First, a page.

Ronald Kibuule, the minister of state for Water, presided over the function. Sources have told us that when Mutale is not at his farm, the major operates from a building along Mawanda road, near Kalerwe, opposite the Umeme substation.
That is where his yellow bus is constantly parked. In 2001, this bus and matching band were a paragon of state-ignored terror against voters.
For his part, Tumukunde is the smooth operator. Sources said he operates from a house on Plot 38, Elizabeth Close, Kololo, but sometimes he camps at a hotel along John Babiiha (formerly Acacia) avenue. At the Kololo house, according to previous visitors, hordes of people keep in the compound waiting to meet the brigadier.
Sources told us that it can take days to have a one-on-one meeting with Tumukunde, given his busy schedule. Most of people seeking to see him are youths claiming to be NRM mobilisers. Others claim to be opposition activists seeking to switch sides. Virtually all of them, sources said, want money. In many cases, they get it.
It was not immediately clear under whose command Tumukunde, a serving army officer, is operating. Lt Col Paddy Ankunda, the army spokesperson, told The Observer yesterday that he was not aware of Tumukunde’s partisan activities.
“I have not seen him at any public rally. What I know is that all our officers know their limits as far as involvement in partisan politics is concerned,” Ankunda said.
Gen Katumba Wamala the chief of defence forces, recently warned serving army officers not to involve themselves in politics. Sources told us that Tumukunde, who operates covertly, is working to win over youths, and other people perceived to be supporting Mbabazi, to back Museveni. Among the targeted groups has been the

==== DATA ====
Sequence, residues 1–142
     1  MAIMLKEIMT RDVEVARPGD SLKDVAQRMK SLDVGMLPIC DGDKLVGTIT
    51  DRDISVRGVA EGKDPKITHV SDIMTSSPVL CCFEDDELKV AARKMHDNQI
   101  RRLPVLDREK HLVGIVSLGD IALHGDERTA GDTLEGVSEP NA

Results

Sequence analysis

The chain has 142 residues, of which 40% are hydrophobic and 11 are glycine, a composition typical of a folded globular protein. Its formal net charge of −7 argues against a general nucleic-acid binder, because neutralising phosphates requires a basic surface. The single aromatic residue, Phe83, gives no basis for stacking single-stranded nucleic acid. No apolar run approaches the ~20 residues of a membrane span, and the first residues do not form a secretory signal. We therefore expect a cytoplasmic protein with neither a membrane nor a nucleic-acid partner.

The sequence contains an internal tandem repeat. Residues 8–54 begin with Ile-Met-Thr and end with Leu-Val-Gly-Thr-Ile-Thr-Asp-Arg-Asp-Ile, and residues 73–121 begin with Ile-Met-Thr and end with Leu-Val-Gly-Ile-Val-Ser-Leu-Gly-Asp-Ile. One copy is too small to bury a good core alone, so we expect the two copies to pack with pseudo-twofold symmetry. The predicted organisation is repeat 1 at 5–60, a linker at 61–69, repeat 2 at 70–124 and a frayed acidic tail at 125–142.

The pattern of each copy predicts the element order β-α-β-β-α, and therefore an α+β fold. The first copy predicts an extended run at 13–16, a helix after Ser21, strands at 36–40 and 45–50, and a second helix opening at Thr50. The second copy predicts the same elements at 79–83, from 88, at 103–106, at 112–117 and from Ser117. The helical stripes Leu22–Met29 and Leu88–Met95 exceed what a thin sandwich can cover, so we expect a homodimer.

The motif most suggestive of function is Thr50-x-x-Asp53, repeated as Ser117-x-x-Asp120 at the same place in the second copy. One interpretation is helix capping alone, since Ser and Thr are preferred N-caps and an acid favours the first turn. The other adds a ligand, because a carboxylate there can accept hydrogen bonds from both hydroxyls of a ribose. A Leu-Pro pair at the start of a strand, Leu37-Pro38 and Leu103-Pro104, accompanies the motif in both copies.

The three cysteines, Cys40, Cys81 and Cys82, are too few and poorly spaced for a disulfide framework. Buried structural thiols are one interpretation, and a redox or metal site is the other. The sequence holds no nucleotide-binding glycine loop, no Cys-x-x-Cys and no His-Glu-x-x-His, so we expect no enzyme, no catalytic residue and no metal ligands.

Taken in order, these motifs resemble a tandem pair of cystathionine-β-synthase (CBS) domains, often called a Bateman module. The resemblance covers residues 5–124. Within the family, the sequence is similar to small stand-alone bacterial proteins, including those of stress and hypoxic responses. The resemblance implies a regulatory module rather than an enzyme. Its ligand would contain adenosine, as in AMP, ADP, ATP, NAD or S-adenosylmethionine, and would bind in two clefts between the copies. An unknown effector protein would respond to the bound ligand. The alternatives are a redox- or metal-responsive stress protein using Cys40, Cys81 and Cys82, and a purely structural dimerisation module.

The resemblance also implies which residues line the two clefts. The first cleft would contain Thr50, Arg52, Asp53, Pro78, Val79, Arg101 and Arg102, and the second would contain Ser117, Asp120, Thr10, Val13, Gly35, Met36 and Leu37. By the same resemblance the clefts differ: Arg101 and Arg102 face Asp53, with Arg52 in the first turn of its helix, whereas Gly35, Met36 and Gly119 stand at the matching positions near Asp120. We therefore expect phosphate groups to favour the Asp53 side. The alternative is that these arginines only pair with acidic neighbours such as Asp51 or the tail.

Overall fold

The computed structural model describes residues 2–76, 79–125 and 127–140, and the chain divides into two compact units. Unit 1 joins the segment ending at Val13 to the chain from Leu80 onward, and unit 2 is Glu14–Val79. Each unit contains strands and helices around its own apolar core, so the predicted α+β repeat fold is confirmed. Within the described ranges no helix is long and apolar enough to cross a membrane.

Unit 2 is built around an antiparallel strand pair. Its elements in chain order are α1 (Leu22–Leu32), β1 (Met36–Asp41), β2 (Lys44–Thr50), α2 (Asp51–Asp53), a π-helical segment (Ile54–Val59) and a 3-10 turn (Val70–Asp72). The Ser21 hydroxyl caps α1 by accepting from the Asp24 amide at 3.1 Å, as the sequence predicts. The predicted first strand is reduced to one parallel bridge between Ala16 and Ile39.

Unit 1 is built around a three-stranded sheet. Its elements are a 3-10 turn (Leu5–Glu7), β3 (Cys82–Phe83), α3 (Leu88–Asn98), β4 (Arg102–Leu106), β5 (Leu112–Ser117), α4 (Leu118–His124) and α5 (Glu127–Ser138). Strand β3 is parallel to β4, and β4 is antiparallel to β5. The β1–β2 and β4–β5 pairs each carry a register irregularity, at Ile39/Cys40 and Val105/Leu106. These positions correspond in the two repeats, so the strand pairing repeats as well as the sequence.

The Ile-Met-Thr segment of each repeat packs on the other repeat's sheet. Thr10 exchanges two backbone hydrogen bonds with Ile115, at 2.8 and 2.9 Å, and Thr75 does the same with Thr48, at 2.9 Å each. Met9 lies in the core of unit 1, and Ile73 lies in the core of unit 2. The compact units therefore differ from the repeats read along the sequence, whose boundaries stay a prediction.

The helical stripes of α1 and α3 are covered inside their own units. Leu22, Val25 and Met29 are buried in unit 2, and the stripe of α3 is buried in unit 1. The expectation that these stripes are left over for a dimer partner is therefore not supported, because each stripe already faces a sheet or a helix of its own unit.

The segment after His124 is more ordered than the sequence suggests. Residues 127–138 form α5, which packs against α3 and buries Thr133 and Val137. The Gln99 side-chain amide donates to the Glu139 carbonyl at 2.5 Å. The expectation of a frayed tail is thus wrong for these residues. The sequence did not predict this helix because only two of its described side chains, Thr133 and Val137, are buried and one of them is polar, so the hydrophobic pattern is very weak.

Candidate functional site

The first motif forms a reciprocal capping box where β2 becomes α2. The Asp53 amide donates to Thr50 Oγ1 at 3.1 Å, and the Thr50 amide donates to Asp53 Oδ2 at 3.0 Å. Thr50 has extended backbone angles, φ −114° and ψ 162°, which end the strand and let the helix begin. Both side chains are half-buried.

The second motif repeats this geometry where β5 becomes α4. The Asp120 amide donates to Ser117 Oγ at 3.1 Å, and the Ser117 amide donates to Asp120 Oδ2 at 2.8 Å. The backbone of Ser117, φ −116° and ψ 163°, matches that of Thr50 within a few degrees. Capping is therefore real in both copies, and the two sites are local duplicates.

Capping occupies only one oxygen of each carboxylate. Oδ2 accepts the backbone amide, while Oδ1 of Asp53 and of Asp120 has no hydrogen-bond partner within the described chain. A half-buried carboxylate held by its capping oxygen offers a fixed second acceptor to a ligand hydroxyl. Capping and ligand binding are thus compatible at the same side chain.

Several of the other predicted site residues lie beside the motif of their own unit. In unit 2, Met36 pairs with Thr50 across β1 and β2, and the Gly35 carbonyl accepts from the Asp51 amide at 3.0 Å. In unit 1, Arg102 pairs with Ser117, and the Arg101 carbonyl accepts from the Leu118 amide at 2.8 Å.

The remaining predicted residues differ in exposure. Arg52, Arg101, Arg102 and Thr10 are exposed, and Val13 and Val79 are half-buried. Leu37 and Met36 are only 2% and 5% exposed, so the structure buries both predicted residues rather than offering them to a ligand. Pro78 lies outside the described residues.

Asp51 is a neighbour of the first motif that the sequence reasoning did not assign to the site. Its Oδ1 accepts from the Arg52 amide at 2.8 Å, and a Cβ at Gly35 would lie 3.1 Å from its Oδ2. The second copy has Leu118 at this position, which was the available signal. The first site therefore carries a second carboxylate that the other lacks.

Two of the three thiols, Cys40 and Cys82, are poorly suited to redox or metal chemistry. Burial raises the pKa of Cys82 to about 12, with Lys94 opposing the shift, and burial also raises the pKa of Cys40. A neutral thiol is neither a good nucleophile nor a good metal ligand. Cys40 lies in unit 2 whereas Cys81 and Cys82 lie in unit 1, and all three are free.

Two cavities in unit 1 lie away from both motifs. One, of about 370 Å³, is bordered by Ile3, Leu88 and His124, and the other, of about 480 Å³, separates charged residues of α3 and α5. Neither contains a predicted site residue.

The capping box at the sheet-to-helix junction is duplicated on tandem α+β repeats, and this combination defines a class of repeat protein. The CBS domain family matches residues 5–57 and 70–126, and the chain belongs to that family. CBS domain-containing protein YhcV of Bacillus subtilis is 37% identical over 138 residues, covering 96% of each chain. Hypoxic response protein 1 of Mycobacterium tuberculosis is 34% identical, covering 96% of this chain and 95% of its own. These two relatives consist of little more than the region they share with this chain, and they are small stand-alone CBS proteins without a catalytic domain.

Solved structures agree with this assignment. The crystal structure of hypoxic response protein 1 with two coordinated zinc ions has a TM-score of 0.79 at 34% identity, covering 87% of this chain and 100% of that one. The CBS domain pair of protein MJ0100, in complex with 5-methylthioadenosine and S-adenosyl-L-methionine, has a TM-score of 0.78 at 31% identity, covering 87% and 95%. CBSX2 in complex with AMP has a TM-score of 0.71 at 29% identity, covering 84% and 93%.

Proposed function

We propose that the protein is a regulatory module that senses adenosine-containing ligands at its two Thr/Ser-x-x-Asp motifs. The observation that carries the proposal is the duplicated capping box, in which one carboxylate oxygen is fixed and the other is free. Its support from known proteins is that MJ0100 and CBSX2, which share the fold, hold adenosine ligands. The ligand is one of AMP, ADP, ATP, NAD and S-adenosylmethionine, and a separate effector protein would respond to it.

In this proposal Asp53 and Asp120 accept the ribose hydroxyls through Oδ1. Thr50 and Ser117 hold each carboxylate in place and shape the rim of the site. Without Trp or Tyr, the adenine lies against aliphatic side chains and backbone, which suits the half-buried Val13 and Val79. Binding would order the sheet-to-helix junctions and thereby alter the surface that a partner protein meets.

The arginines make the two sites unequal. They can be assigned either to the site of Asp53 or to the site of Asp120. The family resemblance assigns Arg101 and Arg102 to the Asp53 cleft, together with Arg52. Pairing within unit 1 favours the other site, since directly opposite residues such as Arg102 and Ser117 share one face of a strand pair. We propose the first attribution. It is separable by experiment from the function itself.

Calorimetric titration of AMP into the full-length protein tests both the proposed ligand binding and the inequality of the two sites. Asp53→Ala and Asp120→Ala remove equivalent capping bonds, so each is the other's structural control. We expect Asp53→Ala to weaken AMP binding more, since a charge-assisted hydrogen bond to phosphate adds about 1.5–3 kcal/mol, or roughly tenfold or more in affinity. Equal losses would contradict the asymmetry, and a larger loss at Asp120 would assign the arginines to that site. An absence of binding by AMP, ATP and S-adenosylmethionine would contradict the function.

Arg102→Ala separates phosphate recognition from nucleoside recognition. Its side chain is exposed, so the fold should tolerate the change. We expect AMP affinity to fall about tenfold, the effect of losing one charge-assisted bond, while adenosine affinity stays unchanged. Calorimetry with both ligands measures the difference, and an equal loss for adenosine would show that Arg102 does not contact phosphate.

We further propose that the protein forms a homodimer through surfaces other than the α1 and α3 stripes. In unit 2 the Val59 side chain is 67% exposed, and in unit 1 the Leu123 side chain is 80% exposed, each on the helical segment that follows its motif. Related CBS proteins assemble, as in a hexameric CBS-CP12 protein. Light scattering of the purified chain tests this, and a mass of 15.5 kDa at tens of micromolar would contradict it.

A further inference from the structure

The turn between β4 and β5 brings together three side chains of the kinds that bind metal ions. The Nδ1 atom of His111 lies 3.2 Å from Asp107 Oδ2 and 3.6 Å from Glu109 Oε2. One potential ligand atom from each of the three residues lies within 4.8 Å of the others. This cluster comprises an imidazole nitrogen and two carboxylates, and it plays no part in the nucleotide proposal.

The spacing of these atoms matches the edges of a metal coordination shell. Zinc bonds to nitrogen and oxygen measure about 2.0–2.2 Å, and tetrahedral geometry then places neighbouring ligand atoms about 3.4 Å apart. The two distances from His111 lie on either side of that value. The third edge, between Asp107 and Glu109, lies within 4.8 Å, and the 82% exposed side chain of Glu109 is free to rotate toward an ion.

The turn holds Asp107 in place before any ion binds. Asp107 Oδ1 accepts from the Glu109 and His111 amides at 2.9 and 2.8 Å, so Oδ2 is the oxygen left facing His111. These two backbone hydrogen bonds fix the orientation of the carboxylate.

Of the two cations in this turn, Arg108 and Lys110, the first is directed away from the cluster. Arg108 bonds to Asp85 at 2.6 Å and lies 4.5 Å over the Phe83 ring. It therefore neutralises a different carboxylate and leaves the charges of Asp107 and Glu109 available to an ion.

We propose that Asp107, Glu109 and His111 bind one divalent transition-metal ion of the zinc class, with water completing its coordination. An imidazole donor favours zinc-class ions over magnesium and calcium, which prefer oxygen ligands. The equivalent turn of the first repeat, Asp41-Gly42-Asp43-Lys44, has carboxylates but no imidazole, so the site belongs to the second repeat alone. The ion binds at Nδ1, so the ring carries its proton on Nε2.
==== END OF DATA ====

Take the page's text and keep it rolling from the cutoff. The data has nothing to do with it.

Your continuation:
NRM Poor Youth, which has been outspoken in its support for Mbabazi. So far, Tumukunde has registered some success. This week, about 10 members of the group, including general secretary Joel Denis Kato, defected to the NRM mainfold.
They held a chaotic press conference at Silver Springs hotel, Bugolobi, on Wednesday, where they formally announced their allegiance to the NRM sole candidate, President Museveni. Sources told us that Kato and group signed a memorandum of understanding pledging to mobilise support for Museveni. The youths had also been promised financial facilitation for their activities, sources said.
Other NRM Poor Youth ‘defectors’ include Mutumba Onesmus, Jjengo Twaha, Semakula Eric and Jackson Ssekyanzi. Kato told The Observer yesterday that he had defected because Mbabazi had chosen to leave NRM and stand as an independent.
“We have always said that we shall support Mbabazi as long as he stays in the NRM but the moment he changed, we also changed,” Kato said.
He denied that he had been given any financial incentive to switch sides insisting that he did so out of principle. On July 21 when Vincent Kaggwa, the spokesperson for the poor youths, narrated his ordeal while in police captivity to The Observer, Kato was seated beside him. Kaggwa said yesterday that he, too, had been approached, with promises of financial reward. He said he declined to switch sides.
“They told me that they will give me Shs 20 million and more if I denounced Mbabazi. But I refused,” Kaggwa said.
Ellady Muyambi, a member of Team Mbabazi’s publicity committee, said yesterday that many of their supporters had been lured by Tumukunde with promises of cash.
“He gives them money and tells them that Mbabazi is a bad leader,” Muyambi said.
He said they had encouraged some of their supporters to get the money but mobilise, quietly, for Mbabazi. Efforts to talk to Tumukunde were futile as he did not answer our repeated calls.